DÁIL QUESTION addressed to the Minister of State at the Department of Justice and Equality (Deputy Aodhán Ó RIordáin)
* To ask the Tánaiste and Minister for Justice and Equality the commitments that the government has made, in terms of accepting refugees and unaccompanied minors to Ireland, and the dates by which those commitments are to be met; the number of persons, including unaccompanied minors, the government has committed to accepting, under the various resettlement and relocation programmes, in tabular form; the numbers to date that have been accepted under the programmes; and if she will make a statement on the matter.
Minister of State at the Department of Justice and Equality (David Stanton)
The Irish Refugee Protection Programme (IRPP) was established by Government Decision on 10 September 2015 as a direct response to the humanitarian crisis that developed in Southern Europe as a consequence of mass migration from areas of conflict in the Middle East and Africa. Under this programme, the Government has pledged to accept a total of 4,000 persons into the State by the end of 2017, through a combination of the EU relocation mechanism established by two EU Council Decisions in 2015 to assist Italy and Greece, and the UNHCR-led refugee resettlement programme currently focused on resettling refugees from camps in Lebanon. A full breakdown of Ireland's commitments under the programme is attached in Table A below.
Under the resettlement part of the Programme, 519 persons out of the original quota of 520 persons displaced by the Syrian conflict have arrived in Ireland to date. This is a full year ahead of the EU Commission deadline for this programme. In addition, the Government recently announced that it is extending the resettlement programme to take in a further 520 refugees from Lebanon in 2017. Sufficient refugees to fill 260 places on this quota have already been selected during a selection mission to Lebanon in October 2016 and these refugees are expected to arrive in Spring 2017. A further selection mission to Lebanon will be arranged in coming months to select the balance of the 2017 quota.
Under relocation, Ireland has to date taken in 109 asylum seekers from Greece, mostly families, and a further 130 people are scheduled to arrive later this week. A further 84 people have been assessed and cleared for arrival and arrangements for their travel to the State are currently being made. This week, IRPP officials are interviewing a group of approximately 80 people in Athens who, subject to Garda security assessments, are expected to be cleared for arrival by the end of the year. In all this means that over 400 persons, mostly families with young children, will have either arrived in Ireland or been cleared for arrival by the end of 2016. The intention is to sustain the pace of intakes throughout 2017 at the levels required to allow Ireland to meets its commitments within the timeframe envisaged by the Programme. A summary of arrivals to date is attached in Table B below.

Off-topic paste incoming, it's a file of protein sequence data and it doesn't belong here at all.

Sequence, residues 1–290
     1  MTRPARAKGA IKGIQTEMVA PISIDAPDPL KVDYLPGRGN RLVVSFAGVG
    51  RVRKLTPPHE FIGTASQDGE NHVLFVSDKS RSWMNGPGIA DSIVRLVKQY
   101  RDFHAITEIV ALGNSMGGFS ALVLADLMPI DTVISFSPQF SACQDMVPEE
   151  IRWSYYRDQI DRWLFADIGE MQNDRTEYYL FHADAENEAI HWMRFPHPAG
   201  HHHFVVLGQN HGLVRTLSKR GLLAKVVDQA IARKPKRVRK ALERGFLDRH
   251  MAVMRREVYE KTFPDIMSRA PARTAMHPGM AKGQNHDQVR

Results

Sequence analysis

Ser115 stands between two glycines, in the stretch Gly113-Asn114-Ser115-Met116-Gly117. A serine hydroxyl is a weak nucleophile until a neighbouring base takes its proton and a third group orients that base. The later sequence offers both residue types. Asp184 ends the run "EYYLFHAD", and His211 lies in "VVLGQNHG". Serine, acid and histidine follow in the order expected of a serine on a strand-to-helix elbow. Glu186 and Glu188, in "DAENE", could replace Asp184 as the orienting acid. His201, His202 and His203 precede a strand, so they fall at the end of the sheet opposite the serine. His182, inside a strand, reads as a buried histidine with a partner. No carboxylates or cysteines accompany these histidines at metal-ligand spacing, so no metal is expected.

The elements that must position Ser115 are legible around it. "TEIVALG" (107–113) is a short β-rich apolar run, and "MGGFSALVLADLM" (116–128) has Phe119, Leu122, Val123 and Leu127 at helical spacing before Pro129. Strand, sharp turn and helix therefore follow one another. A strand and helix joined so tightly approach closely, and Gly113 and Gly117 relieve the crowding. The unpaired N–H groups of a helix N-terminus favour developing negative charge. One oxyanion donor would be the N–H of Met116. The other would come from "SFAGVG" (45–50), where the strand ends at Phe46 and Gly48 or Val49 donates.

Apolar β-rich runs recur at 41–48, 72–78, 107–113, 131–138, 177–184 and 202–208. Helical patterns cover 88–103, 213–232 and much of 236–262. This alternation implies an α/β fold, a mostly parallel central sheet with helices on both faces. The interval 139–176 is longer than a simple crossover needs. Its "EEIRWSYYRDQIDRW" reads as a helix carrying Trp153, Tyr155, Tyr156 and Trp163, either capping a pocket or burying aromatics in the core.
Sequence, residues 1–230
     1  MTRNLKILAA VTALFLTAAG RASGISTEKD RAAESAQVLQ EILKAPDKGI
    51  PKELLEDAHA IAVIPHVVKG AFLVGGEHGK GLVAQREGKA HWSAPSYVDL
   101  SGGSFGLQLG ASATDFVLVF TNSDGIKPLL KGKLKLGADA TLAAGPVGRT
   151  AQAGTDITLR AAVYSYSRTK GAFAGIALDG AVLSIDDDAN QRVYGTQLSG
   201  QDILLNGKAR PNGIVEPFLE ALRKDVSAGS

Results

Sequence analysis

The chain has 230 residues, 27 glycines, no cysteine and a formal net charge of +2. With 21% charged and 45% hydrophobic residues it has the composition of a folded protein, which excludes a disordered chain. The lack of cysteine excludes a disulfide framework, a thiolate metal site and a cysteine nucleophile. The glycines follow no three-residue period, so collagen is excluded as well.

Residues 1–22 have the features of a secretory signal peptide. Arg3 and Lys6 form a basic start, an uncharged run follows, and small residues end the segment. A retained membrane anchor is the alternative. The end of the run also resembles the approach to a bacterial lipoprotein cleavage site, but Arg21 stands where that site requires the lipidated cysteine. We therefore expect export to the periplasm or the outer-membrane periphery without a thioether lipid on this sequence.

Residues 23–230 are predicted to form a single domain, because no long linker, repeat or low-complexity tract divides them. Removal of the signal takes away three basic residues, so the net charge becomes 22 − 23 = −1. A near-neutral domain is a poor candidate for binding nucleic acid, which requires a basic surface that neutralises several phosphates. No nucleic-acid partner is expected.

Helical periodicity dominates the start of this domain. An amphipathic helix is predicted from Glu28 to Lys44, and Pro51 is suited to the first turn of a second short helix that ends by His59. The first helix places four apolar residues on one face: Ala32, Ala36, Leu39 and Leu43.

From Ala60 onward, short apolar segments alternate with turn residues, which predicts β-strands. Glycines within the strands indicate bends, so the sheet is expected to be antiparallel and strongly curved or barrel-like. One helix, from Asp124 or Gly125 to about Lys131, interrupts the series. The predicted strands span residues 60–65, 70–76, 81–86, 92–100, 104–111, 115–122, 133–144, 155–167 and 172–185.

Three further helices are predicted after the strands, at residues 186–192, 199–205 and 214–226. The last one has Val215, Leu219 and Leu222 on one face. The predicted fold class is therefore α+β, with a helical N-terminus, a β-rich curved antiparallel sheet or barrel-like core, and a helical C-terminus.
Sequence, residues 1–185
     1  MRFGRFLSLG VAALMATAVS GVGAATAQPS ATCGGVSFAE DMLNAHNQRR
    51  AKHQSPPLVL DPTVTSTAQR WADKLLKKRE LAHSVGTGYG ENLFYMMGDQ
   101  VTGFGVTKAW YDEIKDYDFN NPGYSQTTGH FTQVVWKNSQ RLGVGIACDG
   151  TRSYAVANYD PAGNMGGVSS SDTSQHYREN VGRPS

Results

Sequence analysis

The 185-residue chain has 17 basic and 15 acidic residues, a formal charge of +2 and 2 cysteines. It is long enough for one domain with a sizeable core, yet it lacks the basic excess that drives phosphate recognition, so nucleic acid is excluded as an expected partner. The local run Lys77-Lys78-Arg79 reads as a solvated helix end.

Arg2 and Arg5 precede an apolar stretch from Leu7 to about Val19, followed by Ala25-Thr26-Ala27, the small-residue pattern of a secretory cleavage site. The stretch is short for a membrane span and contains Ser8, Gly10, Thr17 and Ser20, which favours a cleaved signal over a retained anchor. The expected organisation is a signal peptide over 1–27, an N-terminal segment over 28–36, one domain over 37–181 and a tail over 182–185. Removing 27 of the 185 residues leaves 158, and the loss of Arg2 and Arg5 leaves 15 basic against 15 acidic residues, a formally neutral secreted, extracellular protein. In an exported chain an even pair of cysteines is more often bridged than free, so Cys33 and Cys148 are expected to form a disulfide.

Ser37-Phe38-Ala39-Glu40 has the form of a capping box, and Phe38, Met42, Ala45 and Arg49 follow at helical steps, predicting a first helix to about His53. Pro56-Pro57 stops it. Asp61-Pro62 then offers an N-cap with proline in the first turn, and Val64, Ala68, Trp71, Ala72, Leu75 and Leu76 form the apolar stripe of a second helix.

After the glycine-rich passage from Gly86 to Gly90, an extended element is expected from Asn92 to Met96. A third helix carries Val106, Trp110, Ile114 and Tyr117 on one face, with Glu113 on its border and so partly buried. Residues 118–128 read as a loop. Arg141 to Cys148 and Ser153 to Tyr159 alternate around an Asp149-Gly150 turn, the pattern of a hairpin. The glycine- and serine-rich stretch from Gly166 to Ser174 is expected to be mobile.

In announcing the Programme, the Government recognised the importance of addressing the position of unaccompanied children. The relocation of unaccompanied minors is a complex and sensitive process, involving various aspects of European and domestic law, and any actions taken in relation to this vulnerable group must always have the principle of the best interests of the child and the prospect of family reunification at their centre. Ireland is committed to relocating unaccompanied minors and this has been clearly demonstrated by the recent Government decision to offer to relocate up to 200 unaccompanied minors, formerly resident in the migrant camp at Calais, to Ireland. As regards the relocation of unaccompanied minors from Greece, the situation is complicated somewhat by the variety of different definitions used across EU States and voluntary organisations of just what legally constitutes an unaccompanied minor. There is no legally binding definition across the EU. So for consistency's sake I will use the definition used by Greek officials which is what the EU Commission uses in its statistics. Under this definition, which essentially says an unaccompanied minor is anyone under 18 who is not accompanied by an adult member of the immediate family, Ireland has thus far taken in 5 unaccompanied minors from Greece. A further 7 will be included in the group of 130 arriving this week.
The Deputy will also be aware that the Tánaiste and her colleague the Minister for Children and Youth Affairs returned yesterday from Greece where they met with officials and volunteer groups and visited migrant camps to see first hand the challenges being faced and to reaffirm Ireland's support for Greece in its efforts to manage this ongoing humanitarian crisis. Officials from Tusla also take part in any mission to Athens where the group being assessed contains unaccompanied minors requiring their care upon arrival.
Table A - Commitments made by the Government under the Irish Refugee Protection Programme
Relocation Italy Greece Unallocated* Total
Council Decision 2015/1523 360 240 0 600
Council Decision 2015/1601 263 849 910 2,022
TOTAL 623 1089 910 2,622
*Awaiting further implementing Council Decision
Government Decision 09/06/15 520
Government Decision 06/07/16 260
Government Decision 29/11/16 260
Total Relocation 2,622
Total Resettlement 1,040
Government Decision 10/11/16 Re: UAM’s previously in Calais 200
Mechanism Undecided 138
GRAND TOTAL 4,000